Liverpool are world champions for the first time after beating Flamengo in the FIFA Club World Cup final and have accordingly earned the right to adorn their shirt with a gold winner’s badge. But the Reds aren’t allowed to display that badge in their own backyard in the Premier League.
Until the title was passed to Liverpool on Saturday, Real Madrid had worn the FIFA world champions badge since 2016 after winning the last three Club World Cups. It took pride of place on the front of their shirts in every competition – La Liga, Copa del Rey and Champions League.
Barcelona have also worn that special patch in the past. Elsewhere, Inter and Bayern Munich have also had it, and both were able to display it in their respective domestic leagues.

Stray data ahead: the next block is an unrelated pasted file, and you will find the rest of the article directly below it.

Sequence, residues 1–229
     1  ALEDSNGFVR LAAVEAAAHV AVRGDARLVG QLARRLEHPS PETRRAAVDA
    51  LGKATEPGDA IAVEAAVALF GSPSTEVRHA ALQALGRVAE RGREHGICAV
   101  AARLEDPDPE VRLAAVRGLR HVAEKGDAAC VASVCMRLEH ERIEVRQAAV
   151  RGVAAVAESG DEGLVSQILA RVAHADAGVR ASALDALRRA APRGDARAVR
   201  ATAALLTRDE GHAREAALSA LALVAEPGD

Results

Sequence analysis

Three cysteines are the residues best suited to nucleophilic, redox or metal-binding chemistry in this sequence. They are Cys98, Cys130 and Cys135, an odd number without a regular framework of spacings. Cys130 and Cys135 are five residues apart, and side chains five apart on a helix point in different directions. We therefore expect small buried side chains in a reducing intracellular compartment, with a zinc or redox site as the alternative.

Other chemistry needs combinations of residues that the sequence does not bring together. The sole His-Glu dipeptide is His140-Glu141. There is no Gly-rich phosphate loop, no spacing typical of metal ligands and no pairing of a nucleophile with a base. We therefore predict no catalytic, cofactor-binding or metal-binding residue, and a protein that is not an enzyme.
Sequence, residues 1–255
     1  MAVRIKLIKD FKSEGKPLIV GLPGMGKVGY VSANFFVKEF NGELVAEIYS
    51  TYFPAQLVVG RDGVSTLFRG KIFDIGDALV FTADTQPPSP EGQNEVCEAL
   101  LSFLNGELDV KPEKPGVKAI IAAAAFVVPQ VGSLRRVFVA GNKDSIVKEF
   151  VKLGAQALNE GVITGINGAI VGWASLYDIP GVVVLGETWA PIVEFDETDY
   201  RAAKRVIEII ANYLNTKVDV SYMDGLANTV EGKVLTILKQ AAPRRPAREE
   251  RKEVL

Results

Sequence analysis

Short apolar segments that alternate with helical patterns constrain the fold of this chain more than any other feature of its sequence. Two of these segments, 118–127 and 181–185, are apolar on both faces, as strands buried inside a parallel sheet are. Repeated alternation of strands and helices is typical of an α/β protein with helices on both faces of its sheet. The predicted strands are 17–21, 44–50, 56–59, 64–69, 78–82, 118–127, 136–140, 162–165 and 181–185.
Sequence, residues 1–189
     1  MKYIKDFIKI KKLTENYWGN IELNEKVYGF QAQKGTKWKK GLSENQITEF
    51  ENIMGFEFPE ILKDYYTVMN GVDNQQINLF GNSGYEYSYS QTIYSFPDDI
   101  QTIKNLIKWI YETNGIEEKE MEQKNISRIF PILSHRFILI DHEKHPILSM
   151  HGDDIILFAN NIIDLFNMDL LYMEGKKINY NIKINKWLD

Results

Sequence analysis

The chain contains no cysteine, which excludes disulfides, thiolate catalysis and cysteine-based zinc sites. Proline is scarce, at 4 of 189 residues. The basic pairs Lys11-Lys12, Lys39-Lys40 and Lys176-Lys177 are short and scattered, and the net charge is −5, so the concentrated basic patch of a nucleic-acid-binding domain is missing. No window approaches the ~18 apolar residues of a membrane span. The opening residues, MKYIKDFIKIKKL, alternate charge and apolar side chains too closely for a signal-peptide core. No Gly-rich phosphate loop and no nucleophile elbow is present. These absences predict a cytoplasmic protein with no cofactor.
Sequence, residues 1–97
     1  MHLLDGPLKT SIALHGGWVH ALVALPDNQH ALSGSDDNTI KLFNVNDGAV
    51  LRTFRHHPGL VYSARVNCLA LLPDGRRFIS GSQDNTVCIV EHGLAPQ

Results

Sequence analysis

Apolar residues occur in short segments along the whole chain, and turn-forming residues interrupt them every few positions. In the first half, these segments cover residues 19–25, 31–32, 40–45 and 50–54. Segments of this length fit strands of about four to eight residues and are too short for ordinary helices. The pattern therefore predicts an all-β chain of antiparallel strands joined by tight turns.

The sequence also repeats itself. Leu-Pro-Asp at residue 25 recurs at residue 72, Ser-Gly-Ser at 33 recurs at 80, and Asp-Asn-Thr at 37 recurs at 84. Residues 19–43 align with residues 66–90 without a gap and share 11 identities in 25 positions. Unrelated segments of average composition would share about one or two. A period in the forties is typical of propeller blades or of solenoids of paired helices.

The Premier League, however, doesn’t allow it to be worn. Liverpool could wear the champions patch in the FA Cup, but only if the FA approves a special application to wear something that is slightly different than their registered Premier League strips.
It means that Liverpool will more than likely only wear their world champions badge in Champions League games because at least UEFA does allow it.
When Manchester United won the Club World Cup in 2008 and earned the FIFA world champions badge, they too only got to display it in the Champions League, and not domestically.
Quite frankly, it is ridiculous that Liverpool, and any other English club that achieves something at a global level, are denied the opportunity to celebrate their victory by restrictive rules in their own country – rules that simply aren’t the case in other major European leagues.
Does the Premier League, which has thrived for more than two decades off promoting the image of itself as the best league in the world, not want to promote the fact that one of its own clubs is actually the best in the world?
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